“Contrary to what Americans hear after such chemical spills, there are plenty of chemical laws and regulations on the books, but West Virginia state and local communities have not implemented them well,” said Logomasini. “Unfortunately, adding a new layer of regulation on top of what we have, isn’t likely to fix the problem. Rather, we need to investigate where officials failed to employ emergency planning measures so that they can minimize the probability of future accidents.”
Myth: The spill offers evidence that we don’t have enough regulation of the chemical industry. Fact: Myriad regulations exist, but state and local officials failed to implement them correctly.
Myth: There is no toxicological data on Crude MCHM (chemical mixture involved in spill). Fact: Both the federal government and the manufacturer have conducted numerous tests that indicate low toxicity.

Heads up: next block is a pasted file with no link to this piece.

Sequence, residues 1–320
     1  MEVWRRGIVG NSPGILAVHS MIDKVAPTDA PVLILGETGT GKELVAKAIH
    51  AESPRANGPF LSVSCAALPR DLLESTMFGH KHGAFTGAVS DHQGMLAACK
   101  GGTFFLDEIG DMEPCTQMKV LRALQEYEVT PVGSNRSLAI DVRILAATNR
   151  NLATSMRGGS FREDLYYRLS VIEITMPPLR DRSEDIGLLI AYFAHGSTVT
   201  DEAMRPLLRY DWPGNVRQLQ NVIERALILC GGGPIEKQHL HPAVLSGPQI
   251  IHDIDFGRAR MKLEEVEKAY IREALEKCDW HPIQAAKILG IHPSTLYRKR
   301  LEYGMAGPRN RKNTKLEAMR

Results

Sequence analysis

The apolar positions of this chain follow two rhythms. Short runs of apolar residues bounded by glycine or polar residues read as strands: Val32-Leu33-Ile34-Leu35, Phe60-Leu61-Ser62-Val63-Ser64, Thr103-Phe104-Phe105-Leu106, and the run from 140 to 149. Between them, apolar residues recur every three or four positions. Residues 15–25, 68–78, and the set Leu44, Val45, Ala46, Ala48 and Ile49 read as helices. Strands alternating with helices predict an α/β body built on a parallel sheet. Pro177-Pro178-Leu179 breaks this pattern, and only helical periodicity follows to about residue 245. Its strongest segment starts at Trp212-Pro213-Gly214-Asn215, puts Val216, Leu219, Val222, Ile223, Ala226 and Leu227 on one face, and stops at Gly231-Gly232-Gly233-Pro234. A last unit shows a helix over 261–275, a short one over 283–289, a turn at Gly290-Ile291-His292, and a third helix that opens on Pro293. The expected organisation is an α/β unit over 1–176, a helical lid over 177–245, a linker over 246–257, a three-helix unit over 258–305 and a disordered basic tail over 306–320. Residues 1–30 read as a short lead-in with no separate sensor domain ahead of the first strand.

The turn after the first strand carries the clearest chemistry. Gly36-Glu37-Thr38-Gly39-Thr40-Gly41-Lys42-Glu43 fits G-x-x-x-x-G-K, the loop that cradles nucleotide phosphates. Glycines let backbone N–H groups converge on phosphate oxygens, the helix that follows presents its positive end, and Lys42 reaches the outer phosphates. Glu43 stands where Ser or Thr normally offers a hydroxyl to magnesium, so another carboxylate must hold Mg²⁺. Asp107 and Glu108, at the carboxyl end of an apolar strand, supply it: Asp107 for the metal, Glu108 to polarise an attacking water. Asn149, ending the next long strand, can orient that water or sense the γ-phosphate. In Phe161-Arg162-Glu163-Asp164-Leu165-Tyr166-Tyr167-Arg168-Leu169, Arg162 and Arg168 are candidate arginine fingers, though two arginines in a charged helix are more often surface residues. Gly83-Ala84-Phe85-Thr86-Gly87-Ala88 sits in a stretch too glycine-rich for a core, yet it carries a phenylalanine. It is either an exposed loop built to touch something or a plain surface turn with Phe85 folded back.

“In order to minimize the probability of accidents and keep people safe, government officials must keep this issue in perspective, learn from it, and avoid advancing opportunistic legislation,” said Logomasini. “Chemical technologies have important benefits that we should not overlook when accidents happen. Instead, we should focus on better managing the risks so we can continue to enjoy the benefits. Crude MCHM, for example, is used to make coal burn cleaner and be more energy efficient.”